'Doctor Strange in the Multiverse of Madness': MCU's pseudo-horror debut

SPOILERS AHEAD: The film, Marvel’s first take on a pseudo-horror genre, has an eerie, creepy-crawly feel, with a dark grey-and-red color palette tinting most scenes.

 Doctor Strange in the Multiverse of Madness (photo credit: Disney Israel and Forum Films)
Doctor Strange in the Multiverse of Madness
(photo credit: Disney Israel and Forum Films)

The Marvel Cinematic Universe – or MCU, as it is known among fans – has become a massive empire in the film and television industry. It is a web of content that creates an alternate reality in which superheroes are real and intergalactic villains threaten our existence.

The good thing about the MCU is that it is capable of bringing together several generations of fans, from the older comic book fans to the younger film stans. The challenging thing about it is that every film is based on previous productions. In the case of Doctor Strange in the Multiverse of Madness, it is very difficult to follow without having watched the first Doctor Strange film, most Avengers films, and the WandaVision miniseries.

The film focuses on Doctor Stephen Strange (Benedict Cumberbatch), a doctor-turned-sorcerer capable of manipulating reality and teleporting using magic portals, always trailing behind with his magic flying cape.

He encounters (spoilers ahead!) friend-turned-foe Wanda Maximoff (Elizabeth Olsen), a powerful witch who can mind control, weaponize magic beams and even manipulate reality.

That is how, in the show WandaVision, she managed to conjure a remake of the love of her life, Vision, who had died in Avengers: Infinity War, as well as to create twin children for them. Already there, the basis was built for Wanda – AKA the Scarlet Witch – to develop an unhealthy obsession with these fictional children.

Benedict Cumberbatch 370 (credit: Reuters)Benedict Cumberbatch 370 (credit: Reuters)

Multiverse of Madness follows Strange as he attempts to protect America Chavez, a new hero introduced to the MCU: a Latina teenager with the ability to create portals into alternate universes which make up – you guessed it – the multiverse.

The main concern is that it will be difficult for anyone not caught up with the MCU to follow the storyline, especially with surprise cameos from different Marvel franchises.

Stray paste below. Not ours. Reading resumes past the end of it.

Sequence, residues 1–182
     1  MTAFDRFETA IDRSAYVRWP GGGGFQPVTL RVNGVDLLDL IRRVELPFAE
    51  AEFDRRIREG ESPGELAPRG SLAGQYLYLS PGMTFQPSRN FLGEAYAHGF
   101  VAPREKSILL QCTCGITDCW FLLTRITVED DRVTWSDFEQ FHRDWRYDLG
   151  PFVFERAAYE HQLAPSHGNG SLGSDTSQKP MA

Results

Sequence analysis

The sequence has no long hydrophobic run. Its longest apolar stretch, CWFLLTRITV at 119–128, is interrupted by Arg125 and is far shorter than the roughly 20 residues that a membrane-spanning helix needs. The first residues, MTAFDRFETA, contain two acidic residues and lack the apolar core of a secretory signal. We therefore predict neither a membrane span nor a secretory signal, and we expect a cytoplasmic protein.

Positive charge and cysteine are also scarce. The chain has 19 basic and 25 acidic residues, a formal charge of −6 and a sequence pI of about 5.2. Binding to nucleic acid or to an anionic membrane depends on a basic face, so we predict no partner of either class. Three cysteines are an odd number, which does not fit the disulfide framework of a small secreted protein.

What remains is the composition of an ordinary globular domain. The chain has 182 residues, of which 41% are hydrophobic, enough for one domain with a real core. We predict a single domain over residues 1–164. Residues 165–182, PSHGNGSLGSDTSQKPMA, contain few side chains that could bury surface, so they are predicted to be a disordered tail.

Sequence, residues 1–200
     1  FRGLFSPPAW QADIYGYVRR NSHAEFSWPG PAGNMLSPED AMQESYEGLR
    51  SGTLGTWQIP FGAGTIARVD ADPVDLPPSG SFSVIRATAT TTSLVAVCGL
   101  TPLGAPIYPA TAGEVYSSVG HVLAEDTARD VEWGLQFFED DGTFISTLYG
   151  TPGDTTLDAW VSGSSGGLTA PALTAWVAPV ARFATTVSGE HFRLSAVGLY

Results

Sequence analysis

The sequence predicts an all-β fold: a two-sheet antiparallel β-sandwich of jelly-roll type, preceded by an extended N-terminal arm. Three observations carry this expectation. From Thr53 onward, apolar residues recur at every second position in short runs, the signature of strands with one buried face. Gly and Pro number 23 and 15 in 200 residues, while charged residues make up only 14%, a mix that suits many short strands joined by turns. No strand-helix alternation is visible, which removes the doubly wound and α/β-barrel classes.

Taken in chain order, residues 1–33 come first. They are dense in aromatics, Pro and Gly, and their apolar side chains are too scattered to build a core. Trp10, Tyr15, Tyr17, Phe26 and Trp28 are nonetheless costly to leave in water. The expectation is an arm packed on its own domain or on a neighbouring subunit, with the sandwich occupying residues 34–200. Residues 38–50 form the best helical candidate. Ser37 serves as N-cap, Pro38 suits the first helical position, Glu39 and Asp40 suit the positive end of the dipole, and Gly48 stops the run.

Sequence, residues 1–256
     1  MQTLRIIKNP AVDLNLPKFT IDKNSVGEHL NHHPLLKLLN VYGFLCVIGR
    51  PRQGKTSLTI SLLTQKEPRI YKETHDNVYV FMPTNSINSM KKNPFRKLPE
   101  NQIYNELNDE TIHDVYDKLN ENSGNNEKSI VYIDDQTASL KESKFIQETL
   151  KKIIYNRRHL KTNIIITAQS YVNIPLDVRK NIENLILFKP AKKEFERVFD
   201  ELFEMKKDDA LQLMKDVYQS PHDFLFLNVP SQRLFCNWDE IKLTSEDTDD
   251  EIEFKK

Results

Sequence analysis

The film, Marvel’s first take on a pseudo-horror genre, has an eerie, creepy-crawly feel, with a dark grey-and-red color palette tinting most scenes, contrasting with the more colorful flashback scenes.

Marvel has, until now, taken to mixing action, drama and comedy. This film saw more of the first two than the latter, though it certainly wasn’t without its little zingers. The storyline, as it should be – yes, DC, I’m looking at you – is cohesive and well-formulated as ever, with a clear timeline and rhythm to each scene.

The musical score by Danny Elfman is far more understated than MCU fans are accustomed to, without the usual recognizable themes attached to individual characters, but it doesn’t feel missing.

The film, two hours long, felt short for Marvel die-hards who are accustomed to films of two-and-a-half hours at least. The storyline, as well, was a bit of a let-down for them, as there were rumors of Deadpool and Loki cameos.

Nevertheless, the complexity of Wanda’s character never ceases to amaze. A moment of silent climax that had everyone shaken to their cores was when Wanda breaks the fourth wall and stares the audience straight in the eyes. It leaves us wondering if she will always be looking at us from behind a screen, or if Disney is going to expand the character’s abilities outside of the realm of film.

While the film is called Doctor Strange and, yes, Cumberbatch did a wonderful job in playing the many different versions of the character, Olsen once again shone through as an astoundingly great performance. Now the question remains: When – or rather, where – will we see Doctor Strange and the Scarlet Witch next?